What’s the status of cannabis-containing products (including oils) and the cultivation of cannabis for medicinal use since the Constitutional Court declared existing legislation criminalising the use, possession and cultivation of cannabis unconstitutional?

According to SAHPRA, the cultivation of cannabis for medicinal use and the manufacturing of cannabis-containing pharmaceutical products will be subject to strict monitoring.

Last September the Constitutional Court declared existing legislation criminalising the use, possession and cultivation of cannabis unconstitutional. The ruling made it legal for an adult to use or be in the possession of cannabis for use in private. It is also now legal for an adult to cultivate cannabis in a private place for his/her personal consumption.

The Court further ruled the section of the Medicine and Related Substances Act, 1965 (Act 101 of 1965) to be unconstitutional, in that it prohibits the actions mentioned above, and suggested amended wording, which will be in effect until reviewed by Parliament.

But what does this mean with regard to the cultivation of cannabis for medicinal use, as well as the production and sale of cannabis-containing products for medicinal use?

CULTIVATION OF CANNABIS FOR MEDICINAL USE

According to South African Health Products Regulatory Authority (SAHPRA) chairman Professor Helen Rees, “Currently the only reason SAHPRA and the Department of Health may permit the cultivation of cannabis is for medicinal and research purposes. This is to ensure the availability of standardised, quality-assured, locally grown cannabis.”

“Developed in consultation with the Department of Agriculture, Forestry, and Fisheries, this framework is intended to control the cultivation, production and manufacturing of cannabis-containing products intended for medicinal use in SA,” said Prof Rees. “Licensed domestic cultivation of cannabis for medicinal use is aimed at ensuring sufficient local supply for medical, scientific and clinical research purposes and the implementation of control measures necessary to prevent diversion and misuse, as well as to ensure patient safety. The cultivation of cannabis for medicinal use and the manufacturing of cannabis-containing pharmaceutical products shall be subject to strict monitoring to avoid any diversion for unapproved purposes,” Prof Rees said.

To date, SAHPRA has received 21 licence applications for the cultivation of cannabis for medicinal use. Of these, one application has subsequently been withdrawn. Of the remaining applicants, 16 applicants have been inspected and four applicants are scheduled for inspection. “No licences have yet been issued, but a developmental approach to the approval of suitable licences is being pursued,” said Prof Rees.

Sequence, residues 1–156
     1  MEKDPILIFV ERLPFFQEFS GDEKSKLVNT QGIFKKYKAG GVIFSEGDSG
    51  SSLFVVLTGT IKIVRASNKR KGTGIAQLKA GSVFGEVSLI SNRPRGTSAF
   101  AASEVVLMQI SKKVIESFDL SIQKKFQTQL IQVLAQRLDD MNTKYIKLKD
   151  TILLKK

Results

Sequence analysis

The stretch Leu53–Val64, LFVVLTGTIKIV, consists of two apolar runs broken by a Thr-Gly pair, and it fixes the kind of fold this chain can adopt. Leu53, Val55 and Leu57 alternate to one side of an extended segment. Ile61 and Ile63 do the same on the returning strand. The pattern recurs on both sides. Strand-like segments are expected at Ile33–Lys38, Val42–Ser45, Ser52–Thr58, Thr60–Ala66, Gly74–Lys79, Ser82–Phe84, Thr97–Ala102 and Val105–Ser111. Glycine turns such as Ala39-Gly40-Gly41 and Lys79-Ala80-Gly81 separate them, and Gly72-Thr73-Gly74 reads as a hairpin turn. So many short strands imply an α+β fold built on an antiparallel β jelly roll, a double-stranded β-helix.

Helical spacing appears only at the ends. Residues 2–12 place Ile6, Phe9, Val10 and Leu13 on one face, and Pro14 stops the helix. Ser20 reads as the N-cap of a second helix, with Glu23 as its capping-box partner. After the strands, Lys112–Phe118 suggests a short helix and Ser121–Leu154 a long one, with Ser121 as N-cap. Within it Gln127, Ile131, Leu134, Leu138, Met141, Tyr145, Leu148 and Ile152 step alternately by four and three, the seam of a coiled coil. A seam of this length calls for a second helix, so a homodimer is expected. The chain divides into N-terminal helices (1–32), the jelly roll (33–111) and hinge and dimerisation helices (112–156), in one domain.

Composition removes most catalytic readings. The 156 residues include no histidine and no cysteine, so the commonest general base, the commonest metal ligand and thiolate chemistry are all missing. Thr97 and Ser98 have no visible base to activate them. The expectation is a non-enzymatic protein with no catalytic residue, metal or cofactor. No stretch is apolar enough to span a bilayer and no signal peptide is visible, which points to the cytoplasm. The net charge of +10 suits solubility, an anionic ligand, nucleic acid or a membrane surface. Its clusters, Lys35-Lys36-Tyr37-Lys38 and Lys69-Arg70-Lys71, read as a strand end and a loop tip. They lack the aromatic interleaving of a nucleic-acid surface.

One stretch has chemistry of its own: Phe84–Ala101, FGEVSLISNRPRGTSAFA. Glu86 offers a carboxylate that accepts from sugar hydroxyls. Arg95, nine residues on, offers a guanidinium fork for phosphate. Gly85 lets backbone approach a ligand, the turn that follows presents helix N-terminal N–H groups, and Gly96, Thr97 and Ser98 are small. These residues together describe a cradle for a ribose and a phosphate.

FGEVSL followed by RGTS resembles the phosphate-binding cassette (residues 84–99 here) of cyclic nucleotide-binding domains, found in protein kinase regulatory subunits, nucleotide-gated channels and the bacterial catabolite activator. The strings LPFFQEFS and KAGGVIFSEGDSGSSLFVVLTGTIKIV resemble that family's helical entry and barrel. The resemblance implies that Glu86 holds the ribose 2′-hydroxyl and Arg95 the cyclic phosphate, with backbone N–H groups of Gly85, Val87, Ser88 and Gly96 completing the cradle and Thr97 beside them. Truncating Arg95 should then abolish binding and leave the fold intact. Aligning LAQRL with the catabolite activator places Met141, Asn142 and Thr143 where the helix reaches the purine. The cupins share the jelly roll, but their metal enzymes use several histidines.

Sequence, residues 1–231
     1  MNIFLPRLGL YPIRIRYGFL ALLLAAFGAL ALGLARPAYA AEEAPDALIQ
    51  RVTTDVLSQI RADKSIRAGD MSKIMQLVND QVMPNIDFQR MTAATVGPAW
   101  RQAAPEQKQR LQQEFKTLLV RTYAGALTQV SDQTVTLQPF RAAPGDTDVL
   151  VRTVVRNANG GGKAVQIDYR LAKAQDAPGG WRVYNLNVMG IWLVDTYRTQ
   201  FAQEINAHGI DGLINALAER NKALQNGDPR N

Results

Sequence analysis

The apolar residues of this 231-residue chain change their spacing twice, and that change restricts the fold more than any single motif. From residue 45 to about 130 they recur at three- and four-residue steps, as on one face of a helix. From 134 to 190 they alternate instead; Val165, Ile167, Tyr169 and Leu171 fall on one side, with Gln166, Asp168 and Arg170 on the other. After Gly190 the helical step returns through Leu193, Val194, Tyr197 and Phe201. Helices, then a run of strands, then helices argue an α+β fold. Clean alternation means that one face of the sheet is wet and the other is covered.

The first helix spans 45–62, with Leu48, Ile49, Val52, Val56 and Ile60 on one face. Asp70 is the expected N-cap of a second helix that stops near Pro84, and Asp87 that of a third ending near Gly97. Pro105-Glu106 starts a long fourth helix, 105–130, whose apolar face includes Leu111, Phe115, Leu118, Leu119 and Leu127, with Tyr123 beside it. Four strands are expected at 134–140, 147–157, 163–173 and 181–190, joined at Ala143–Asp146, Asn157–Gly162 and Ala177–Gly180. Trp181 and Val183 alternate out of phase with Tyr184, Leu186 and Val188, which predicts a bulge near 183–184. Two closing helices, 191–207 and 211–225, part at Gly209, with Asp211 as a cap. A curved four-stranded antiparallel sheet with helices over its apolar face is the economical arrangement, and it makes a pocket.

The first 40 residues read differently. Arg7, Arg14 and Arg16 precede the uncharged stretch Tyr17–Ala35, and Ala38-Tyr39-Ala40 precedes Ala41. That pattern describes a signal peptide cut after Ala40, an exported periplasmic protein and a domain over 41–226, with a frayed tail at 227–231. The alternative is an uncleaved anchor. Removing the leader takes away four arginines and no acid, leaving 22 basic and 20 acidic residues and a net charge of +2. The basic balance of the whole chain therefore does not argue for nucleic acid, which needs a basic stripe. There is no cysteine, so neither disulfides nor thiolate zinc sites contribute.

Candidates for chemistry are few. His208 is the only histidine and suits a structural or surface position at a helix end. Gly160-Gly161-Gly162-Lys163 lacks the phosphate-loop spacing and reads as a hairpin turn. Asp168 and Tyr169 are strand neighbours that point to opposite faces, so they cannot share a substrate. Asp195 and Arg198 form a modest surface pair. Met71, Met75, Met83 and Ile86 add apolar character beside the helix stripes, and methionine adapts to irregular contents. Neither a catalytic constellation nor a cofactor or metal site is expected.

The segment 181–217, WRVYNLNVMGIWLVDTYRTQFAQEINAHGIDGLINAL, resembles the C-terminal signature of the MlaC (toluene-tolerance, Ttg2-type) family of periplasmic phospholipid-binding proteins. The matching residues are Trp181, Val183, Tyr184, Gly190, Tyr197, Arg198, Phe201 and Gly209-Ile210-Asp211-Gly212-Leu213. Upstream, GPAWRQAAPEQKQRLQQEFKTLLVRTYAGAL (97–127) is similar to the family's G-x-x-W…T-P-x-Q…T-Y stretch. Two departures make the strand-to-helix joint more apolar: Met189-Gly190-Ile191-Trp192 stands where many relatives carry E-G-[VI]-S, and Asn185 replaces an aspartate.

CANNABIS-CONTAINING PRODUCTS (INCLUDING OILS)

Although the Constitutional Court’s ruling may be the first step towards it, currently the production of cannabis-containing products (including extract cannabis oils) from cannabis cultivated in a private place, and then sold to the public is still illegal.

Despite this, there are currently several outlets and individuals selling cannabis-containing products (including oils) for medicinal use. “Products not registered or approved by SAHPRA are illegal,” said Prof Rees. “Suppliers and users of such illegal products are exposing themselves and others to legal and health risks as the safety, efficacy, and quality of these products cannot be assured.”

Over and above lodging an application for registration of a cannabis-containing product with SAHPRA, an application to licence the manufacturer, importer and distributor of the product must be submitted. Only after SAHPRA finds the product safe, effective, and of good quality, and the manufacturer is deemed GMP compliant, will the product be registered and legalised for the market.

“There are however certain instances where it is possible to apply for individual patient access to unregistered medicines containing cannabis, or specific cannabinoids (tetrahydrocannabinol and/or cannabidiol),” said Prof Rees. Because no quality-assured products are available in SA, approval needs to be sought for the importation thereof from other countries like Canada or the Netherlands.

“To date, 56 such applications have been approved by SAHPRA, based on motivation for use in specific patients by an authorised prescriber,” said Prof Rees.